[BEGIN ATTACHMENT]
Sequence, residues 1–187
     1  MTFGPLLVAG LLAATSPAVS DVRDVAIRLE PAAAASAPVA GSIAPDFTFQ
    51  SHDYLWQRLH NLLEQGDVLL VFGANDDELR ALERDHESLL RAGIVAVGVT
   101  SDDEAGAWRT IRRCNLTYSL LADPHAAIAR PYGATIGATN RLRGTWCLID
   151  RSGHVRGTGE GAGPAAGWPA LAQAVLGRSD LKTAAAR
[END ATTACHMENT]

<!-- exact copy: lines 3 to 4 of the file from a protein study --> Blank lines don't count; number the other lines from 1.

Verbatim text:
    51  SHDYLWQRLH NLLEQGDVLL VFGANDDELR ALERDHESLL RAGIVAVGVT
   101  SDDEAGAWRT IRRCNLTYSL LADPHAAIAR PYGATIGATN RLRGTWCLID